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The increased interest in mycobacterial infections in humans has led to a corresponding demand for more rapid laboratory diagnosis than can be achieved by conventional culture procedures. This has recently been formalised by the Centers for Disease Control and Prevention (CDC; Atlanta, Georgia, USA) as a requirement for a turn round time for isolation and identification of Mycobacterium tuberculosis of 14–21 days.1 Such times can be achieved by detection of amplified nucleic acid sequences in clinical samples, or by rapid liquid culture systems. At present, molecular technologies are expensive, and commercial molecular systems might have problems of sensitivity and specificity,2 so rapid liquid culture systems offer an important alternative.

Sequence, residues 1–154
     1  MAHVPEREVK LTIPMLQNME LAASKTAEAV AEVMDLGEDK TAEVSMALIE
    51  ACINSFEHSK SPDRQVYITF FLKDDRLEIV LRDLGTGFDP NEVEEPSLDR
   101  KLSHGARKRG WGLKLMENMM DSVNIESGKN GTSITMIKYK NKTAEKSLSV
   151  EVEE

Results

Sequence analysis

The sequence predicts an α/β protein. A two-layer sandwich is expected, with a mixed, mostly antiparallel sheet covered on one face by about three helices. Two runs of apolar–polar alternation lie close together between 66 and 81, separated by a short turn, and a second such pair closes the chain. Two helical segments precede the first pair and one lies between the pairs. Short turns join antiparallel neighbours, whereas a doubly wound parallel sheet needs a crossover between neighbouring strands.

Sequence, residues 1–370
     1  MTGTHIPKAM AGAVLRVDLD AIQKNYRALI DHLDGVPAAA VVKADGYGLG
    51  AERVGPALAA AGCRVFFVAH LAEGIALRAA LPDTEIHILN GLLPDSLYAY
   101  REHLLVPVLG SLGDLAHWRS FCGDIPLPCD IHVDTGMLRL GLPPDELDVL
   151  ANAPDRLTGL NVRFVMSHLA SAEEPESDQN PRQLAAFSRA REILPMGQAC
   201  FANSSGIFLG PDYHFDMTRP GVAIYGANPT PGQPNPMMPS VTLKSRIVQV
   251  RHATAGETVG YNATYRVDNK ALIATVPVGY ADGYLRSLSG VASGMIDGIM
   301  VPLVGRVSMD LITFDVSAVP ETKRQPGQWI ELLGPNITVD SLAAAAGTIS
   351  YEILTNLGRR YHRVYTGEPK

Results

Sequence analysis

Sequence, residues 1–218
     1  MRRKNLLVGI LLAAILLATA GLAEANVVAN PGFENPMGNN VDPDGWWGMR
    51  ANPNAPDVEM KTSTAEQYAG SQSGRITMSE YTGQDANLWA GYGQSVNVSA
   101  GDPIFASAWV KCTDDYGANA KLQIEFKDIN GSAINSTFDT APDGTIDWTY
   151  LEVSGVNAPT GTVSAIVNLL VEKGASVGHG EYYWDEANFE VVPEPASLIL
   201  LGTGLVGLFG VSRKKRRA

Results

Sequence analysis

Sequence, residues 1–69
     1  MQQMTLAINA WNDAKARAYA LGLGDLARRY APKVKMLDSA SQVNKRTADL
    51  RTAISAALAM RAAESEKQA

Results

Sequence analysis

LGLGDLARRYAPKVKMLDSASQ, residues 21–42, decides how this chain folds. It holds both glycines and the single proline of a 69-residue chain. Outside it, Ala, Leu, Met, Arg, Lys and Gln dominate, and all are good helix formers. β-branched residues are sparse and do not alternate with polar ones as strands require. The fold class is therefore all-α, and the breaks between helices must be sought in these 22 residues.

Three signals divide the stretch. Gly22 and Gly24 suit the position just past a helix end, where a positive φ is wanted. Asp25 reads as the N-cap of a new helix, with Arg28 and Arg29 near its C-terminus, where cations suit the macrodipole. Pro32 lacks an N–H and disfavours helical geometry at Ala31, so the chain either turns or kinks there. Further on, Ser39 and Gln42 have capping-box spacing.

In our laboratory, we have used the Bactec 460 radiometric system for some years for rapid culture of mycobacteria. More recently, we have installed an automated non-radiometric system (MB/BacT; Organon Teknika, Cambridge, UK); our paper compares the performance of the two systems with each other and with egg medium, in recovering mycobacteria of clinical interest from a range of respiratory and non-respiratory samples.
Materials and methods
A total of 681 clinical samples and eight NEQAS quality control samples received at the Scottish mycobacteria reference laboratory (SMRL) were used in the evaluation. The clinical samples included 462 respiratory samples (sputum and bronchial lavage samples) and 219 non-respiratory samples (urine, faeces, tissues, cerebrospinal fluid, other fluids and aspirates, and wound swabs). Before culture, all clinical samples were examined by direct microscopy (auramine-phenol (AP) stain), with all positive smears confirmed by Ziehl-Neelson (ZN) staining.3